What to know about Johnson & Johnson vaccine pause

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Martin Vu, Co-Editor-in-Chief

FOND DU LAC, Wis. (Sabre Voice) – It is common knowledge that mistakes are bound to happen, and the recent Johnson & Johnson mistake is not overlooked. As of Tuesday, April 13th, the Johnson & Johnson COVID vaccine has been put on pause. However, it is also common knowledge that misinformation and lack of information can lead to overthinking and panic. This Johnson & Johnson case, again, is no exception. 

 Nearly 7 million doses of their vaccine have been given in the U.S since the end of February. Yet only six people have reported the rare blood clot after getting the Johnson & Johnson shot. The blood clot, called a cerebral venous sinus thrombosis that forms in the brain’s venous sinuses, was seen with low platelet counts in the patients, according to a statement from  the Centers for Disease Control, or CDC, and Food and Drug Administration, or FDA.  

The CDC, said all cases are women between the ages 18 and 48 with symptoms occurring 6 to 13 days after receiving the vaccination. There are also reports of a 59-year-old woman who “developed deep vein thrombosis” after the vaccine and of a 25-year-old man who developed the clots during the trial, according to NBC News. On Wednesday, the CDC made the decision to extend the pause until they could view more data and determine the risk and treatment for the clots.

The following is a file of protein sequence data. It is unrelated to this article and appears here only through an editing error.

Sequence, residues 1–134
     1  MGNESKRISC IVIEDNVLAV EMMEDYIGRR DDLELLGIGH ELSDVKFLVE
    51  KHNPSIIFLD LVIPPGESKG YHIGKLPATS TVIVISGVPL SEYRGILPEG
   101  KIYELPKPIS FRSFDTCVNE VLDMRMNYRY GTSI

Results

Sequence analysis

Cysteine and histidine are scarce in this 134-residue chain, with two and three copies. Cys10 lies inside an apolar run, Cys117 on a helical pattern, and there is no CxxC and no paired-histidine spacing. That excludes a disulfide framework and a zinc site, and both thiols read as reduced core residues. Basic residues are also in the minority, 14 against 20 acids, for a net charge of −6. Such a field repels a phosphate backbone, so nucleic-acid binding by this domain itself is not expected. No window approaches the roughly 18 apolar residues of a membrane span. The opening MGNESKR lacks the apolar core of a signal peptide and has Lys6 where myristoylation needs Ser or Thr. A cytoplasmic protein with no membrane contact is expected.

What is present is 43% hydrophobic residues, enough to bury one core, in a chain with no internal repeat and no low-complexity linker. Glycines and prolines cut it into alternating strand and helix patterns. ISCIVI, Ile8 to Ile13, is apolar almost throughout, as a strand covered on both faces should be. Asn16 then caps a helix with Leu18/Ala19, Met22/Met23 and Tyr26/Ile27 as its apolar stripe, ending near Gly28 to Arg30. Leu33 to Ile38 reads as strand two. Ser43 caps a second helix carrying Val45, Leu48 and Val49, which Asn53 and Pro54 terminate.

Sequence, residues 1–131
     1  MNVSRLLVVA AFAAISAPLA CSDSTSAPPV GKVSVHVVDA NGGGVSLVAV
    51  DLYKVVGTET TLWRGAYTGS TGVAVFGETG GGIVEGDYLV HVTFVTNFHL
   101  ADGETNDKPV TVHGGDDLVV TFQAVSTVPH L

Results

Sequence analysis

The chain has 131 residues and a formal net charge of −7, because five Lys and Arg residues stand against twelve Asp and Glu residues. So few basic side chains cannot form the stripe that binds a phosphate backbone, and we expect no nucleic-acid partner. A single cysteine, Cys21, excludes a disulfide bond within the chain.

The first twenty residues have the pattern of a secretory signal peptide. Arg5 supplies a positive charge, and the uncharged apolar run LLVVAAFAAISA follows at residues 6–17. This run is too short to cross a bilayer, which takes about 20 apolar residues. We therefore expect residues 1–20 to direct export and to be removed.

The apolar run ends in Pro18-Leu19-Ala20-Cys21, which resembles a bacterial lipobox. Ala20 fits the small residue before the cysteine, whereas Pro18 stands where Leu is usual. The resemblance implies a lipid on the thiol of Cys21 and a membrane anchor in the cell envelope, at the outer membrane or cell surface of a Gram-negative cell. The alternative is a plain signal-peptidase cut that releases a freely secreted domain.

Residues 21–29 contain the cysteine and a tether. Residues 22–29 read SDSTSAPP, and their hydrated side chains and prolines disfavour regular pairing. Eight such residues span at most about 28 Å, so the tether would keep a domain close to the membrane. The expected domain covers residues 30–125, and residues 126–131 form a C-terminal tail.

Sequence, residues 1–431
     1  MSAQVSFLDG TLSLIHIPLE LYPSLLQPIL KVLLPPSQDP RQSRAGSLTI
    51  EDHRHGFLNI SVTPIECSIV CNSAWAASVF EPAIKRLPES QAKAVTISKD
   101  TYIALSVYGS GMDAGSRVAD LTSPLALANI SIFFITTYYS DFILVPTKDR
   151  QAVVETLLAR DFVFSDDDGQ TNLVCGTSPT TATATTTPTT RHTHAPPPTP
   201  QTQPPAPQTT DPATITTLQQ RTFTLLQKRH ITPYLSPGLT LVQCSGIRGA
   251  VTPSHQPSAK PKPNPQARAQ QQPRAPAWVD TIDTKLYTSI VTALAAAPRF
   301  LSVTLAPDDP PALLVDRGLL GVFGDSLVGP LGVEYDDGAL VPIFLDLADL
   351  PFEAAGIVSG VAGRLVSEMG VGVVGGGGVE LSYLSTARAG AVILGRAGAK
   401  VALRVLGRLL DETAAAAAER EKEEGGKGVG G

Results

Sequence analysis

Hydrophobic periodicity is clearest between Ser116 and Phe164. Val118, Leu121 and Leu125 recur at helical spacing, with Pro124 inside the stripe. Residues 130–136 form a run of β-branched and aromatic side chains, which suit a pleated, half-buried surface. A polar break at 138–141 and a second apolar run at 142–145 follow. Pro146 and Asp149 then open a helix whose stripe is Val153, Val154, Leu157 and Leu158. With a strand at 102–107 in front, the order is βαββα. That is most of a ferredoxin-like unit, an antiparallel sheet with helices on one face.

Although being prepared and alarmed is always good, panicking cause more trouble. It is important to remember only 6 of 6.8 million people have reported this rare blood clot, and the blood clot can be treated.  

However, the treatment is also part of the blood clot’s rarity. The blood clots caused by the Johnson & Johnson shot have to be treated differently than the regular blood clots. Nevertheless, if health care providers know which shot an individual has ahead of time, correct treatment can be provided, according to the CDC. In a statement from the CDA and FDA, recommended that doctors don’t give the drug Heparin, which is usually given when someone has a clot. The combination of the clot, along with low blood platelets can make using the drug dangerous, they said.  

The CDC advises anyone who received the Johnson & Johnson vaccination shot and is experiencing severe headaches, abdominal pain, leg pain, or shortness of breath within three weeks after the shot should contact their health care providers.

As of early April, nearly 70 million vaccination shots have been provided in the United States. While we are learning more and more about the vaccines and the virus each day, being informed and doing research is an important factor in preventing more panic.